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Chin Med J (Engl). 2013;126(8):1517-21.

HIV infection among new synthetic drug abusers: a pilot study in Beijing.

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School of Public Health, Guangxi Medical University, Nanning, Guangxi 530021, China; State Key Laboratory for Infectious Disease Prevention and Control, National Center for AIDS/STD Control and Prevention, Chinese Center for Disease Control and Prevention, Beijing 102206, China; Zaozhuang Center for Disease Control and Prevention, Zaozhuang, Shandong 277101, China.



Following the increased human immunodeficiency virus (HIV) notification (infection) rates via sexual transmission and increased abuse of new synthetic drugs instead of heroin in China, a study on HIV infections and risk factors among synthetic drugs and heroin users in Beijing was conducted to provide a cue for further development of targets and strategies of HIV/AIDS control and prevention for different drug populations.


A total of 428 subjects including 224 heroin users and 204 new synthetic drug users was recruited from communities in Beijing by convenience sampling. A χ(2) test was used to compare HIV and syphilis infections between the two subpopulations. Logistic regression models were used to evaluate factors related to HIV, syphilis infections and abuse of synthetic drugs.


Unbalanced distributions of demographics were detected between the two subpopulations. Compared with heroin users, most users of synthetic drugs were migrants, single and of younger age (age ≤ 30 years). Ten HIV infections and twenty-four syphilis infections were confirmed among 428 subjects. No significant difference in HIV infection was found between the two subpopulations (crude odds ratio (OR) = 0.46, 95% confidence interval (CI): 0.07 - 15.80 and adjusted odds ratio (AOR) = 1.26, 95%CI: 0.09 - 18.28) while four times as many syphilis infections were identified among users of synthetics drugs (AOR = 3.92, 95%CI: 1.06 - 14.56). HIV and syphilis infections appeared to work synergistically. The migrants who were of Han ethnicity, single and who had stayed in Beijing for more than six months were more likely to abuse synthetics drugs.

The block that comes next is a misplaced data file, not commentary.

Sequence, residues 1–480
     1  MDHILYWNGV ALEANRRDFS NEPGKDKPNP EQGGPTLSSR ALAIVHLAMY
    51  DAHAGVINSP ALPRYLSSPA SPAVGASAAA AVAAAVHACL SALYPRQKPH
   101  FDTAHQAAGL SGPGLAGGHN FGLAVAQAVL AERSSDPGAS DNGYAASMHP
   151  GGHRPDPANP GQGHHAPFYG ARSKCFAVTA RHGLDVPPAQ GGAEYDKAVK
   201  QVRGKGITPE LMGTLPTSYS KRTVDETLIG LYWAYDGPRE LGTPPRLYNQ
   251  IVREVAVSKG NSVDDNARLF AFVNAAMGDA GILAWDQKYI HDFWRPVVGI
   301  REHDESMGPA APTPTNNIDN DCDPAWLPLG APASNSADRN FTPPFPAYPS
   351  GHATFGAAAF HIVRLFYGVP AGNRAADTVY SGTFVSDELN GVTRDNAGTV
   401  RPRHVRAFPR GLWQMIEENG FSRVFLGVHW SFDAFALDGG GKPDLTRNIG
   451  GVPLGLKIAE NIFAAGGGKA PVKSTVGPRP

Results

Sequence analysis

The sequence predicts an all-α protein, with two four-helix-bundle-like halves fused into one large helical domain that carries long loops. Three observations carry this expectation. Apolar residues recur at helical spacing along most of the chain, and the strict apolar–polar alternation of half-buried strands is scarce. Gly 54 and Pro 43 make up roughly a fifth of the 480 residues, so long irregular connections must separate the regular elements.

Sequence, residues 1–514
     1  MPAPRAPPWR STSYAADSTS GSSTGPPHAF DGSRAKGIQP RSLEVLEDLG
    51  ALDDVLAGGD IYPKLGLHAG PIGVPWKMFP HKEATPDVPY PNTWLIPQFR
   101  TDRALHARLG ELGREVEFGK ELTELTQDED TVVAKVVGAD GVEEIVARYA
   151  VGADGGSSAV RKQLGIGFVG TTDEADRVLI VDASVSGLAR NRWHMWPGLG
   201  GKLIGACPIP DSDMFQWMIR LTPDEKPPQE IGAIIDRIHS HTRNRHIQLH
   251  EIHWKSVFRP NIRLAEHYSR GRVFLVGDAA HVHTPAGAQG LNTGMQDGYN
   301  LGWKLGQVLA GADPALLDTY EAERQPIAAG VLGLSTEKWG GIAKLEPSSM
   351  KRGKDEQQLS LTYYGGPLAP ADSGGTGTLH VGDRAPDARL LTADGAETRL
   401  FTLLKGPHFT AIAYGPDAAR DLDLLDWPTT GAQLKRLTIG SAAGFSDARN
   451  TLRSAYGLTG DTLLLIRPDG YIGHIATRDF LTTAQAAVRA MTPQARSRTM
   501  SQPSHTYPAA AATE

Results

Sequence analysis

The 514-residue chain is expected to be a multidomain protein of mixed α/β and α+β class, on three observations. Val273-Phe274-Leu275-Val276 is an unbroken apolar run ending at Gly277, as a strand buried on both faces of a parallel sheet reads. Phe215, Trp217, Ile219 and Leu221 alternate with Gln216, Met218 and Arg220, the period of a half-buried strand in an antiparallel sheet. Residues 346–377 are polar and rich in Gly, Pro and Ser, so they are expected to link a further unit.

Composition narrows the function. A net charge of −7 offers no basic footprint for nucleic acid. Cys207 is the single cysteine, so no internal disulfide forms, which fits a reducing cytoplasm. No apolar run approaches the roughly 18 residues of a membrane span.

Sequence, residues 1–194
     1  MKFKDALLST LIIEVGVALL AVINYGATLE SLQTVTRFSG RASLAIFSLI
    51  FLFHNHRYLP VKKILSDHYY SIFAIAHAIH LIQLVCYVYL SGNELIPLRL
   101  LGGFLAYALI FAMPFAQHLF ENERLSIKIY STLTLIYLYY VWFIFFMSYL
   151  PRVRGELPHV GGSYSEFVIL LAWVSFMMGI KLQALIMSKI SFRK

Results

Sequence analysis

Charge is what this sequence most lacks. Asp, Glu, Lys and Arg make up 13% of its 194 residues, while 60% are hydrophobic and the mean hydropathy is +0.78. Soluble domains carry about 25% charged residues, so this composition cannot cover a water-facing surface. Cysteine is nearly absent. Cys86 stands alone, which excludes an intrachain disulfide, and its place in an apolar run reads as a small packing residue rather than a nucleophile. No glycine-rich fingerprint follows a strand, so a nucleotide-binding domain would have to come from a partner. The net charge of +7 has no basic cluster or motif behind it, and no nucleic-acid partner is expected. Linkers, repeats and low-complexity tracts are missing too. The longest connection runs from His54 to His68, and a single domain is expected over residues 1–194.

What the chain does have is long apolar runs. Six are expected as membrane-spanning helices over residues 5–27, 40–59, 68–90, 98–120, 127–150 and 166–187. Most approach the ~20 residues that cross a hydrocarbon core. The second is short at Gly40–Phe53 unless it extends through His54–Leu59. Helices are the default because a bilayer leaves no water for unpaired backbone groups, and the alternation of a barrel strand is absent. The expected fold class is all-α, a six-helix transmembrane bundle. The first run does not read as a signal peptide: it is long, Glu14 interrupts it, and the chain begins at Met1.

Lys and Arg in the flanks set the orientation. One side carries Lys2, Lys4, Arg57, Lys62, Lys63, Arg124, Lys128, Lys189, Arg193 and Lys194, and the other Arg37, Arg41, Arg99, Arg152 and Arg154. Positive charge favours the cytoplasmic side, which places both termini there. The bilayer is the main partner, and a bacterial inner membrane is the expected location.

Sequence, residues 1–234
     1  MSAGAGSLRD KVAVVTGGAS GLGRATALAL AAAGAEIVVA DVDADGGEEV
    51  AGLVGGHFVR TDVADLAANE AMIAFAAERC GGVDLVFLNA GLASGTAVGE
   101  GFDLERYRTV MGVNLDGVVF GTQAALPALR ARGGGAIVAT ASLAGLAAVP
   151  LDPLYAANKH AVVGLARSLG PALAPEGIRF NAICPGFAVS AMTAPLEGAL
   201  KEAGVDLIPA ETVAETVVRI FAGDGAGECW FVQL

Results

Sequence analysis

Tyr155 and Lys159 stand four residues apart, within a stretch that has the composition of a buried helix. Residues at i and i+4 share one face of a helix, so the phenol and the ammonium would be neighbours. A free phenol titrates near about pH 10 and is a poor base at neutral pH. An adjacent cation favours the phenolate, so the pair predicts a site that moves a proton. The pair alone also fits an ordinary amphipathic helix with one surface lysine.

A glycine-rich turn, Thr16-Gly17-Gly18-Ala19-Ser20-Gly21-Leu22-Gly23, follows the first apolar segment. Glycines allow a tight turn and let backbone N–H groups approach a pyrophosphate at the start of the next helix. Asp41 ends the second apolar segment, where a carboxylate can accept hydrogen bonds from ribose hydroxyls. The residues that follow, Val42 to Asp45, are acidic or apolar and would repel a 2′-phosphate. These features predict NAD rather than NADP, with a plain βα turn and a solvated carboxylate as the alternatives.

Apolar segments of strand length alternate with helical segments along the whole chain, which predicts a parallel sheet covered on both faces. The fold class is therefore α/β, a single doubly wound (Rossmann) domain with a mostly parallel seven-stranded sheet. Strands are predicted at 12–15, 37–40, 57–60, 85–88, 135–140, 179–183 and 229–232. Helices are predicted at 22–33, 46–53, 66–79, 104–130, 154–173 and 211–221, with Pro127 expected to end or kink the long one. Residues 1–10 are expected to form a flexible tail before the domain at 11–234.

The new synthetic drug users and heroin users are different subpopulations. We optimistically speculate that HIV has not yet been introduced into the former in Beijing, but considering higher syphilis infections in synthetic drug users and the role of syphilis in HIV infection, synthetic drug users, as a possible and important driver of the HIV/AIDS epidemic in Beijing, should be paid more attention in HIV prevention and control strategies.

[Indexed for MEDLINE]

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